Increasing adoption of methodologies such as DevOps and Agile testing proved to be one of the key software testing trends that was seen in 2018. With the advancements of information technology, the software testing industry is also evolving at a fast pace. Modern software development teams are no longer content with the testing phase of a software to happen as a last-minute affair. With DevOps being adopted by modern day software development teams, here are some of the latest trends in software testing industry that need to be adopted by a QA, tester in 2019 to continue to remain competitive among peers and to stay ahead of the competition.
The fundamental idea behind DevOps is centered around achieving a seamless and end-to-end collaboration among the QA team, the programmers and other critical teams such as IT and back-end team of a business organization.
A very important portion of the product development is now being handled by the testing team, as developers being increasingly involved in building the application, unit testing, fixing the identified defects and overall maintenance of the application.
This is resulting is a much greater speed of quality assurance. Code deployment is being fueled by DevOps which is ultimately resulting in higher ROI and cost-efficient software testing.
It is practically next to impossible to manually perform cross-browser compatibility testing of applications across hundreds of combinations. This is where the popularity of cloud-based cross browser testing tools such as BrowserStack, Sauce Labs and Cross Browser Testing has come into picture.
The use of such cloud-based testing tools is going to remain very popular in the coming year as well as these tools offer seamless integration of other popular Open Source software test automation tools like Selenium and Appium.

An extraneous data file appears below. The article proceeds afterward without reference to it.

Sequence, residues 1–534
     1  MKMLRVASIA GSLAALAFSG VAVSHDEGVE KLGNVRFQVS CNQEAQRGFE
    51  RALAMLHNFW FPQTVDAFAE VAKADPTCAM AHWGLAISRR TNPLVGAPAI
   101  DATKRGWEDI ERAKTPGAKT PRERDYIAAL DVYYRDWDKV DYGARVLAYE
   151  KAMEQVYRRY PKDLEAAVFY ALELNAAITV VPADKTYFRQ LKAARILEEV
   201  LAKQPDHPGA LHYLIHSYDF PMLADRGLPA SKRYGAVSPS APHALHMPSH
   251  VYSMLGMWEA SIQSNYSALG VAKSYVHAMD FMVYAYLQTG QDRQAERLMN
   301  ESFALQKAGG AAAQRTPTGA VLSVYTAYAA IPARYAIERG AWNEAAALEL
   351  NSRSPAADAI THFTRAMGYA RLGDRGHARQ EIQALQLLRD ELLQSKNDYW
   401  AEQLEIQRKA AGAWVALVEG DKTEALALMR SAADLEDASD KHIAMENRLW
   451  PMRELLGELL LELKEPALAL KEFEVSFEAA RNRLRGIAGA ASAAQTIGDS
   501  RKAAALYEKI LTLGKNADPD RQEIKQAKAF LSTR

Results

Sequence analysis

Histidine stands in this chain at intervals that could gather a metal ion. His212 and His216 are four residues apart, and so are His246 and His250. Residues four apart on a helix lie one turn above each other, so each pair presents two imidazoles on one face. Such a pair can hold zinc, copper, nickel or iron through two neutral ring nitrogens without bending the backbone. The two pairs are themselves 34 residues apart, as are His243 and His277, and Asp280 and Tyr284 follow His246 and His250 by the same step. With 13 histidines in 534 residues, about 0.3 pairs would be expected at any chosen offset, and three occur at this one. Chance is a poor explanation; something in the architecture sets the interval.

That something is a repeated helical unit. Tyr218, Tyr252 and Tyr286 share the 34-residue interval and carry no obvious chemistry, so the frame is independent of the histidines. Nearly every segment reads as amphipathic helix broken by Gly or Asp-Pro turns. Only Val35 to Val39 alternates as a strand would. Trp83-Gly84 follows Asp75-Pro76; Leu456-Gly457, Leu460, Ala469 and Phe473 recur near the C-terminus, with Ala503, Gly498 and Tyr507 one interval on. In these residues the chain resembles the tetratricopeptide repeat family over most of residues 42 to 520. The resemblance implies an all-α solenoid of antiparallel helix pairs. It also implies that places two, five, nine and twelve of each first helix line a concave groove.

Software testing is steadily shifting focus and importance to higher level of automation. Automation is not only helping to ensure better test accuracy but also helping in achieving higher precision in test execution and reporting.
Meanwhile, the world has already started turning to Artificial Intelligence (AI) with an aim of trying to make products more reliable. This trend will continue in 2019 and we’ll see less focus on manual testing as we move towards an environment where AI influences test automation efforts.
Big Data is nothing but significantly high volume of critical data that is generated by a system at very high velocity. Thus, while performing Big Data testing, the big data testers are required to verify that TBs after TBs of data are successfully handled successfully by the application under test (AUT).
In such type of testing, not only the volume but also the quality of data is a very critical factor during big data testing. As the complexity of applications being developed grow exponentially, the demand for big data testing will also grow as the year progresses.
With reducing product delivery cycles, the importance of integration of various elements of an application development cycle becomes even more evident. Data from different sources like the requirement management systems, test management systems, version control systems, activity management systems, and the testing environment need to be in sync to facilitate a smooth execution.
Hence the need for integrated tools and third-party tools that offer easy integration of existing tools become very important. Though integration was used merely as a sales tool so far, now we expect it to assume a key place in product development this year.
To remain relevant and ahead of the competition and peers, QA engineers should seriously consider these latest software testing trends. Nobody can predict the future but the best way survive any impending technological disruptions in the software industry in general and in the software testing industry in particular is to be ready for change. I hope that the aforementioned software testing trends should help QA testers in being prepared for the in-demand skills and software tools for the year 2019.
This article was posted by a software tester from our community who wants to remain anonymous.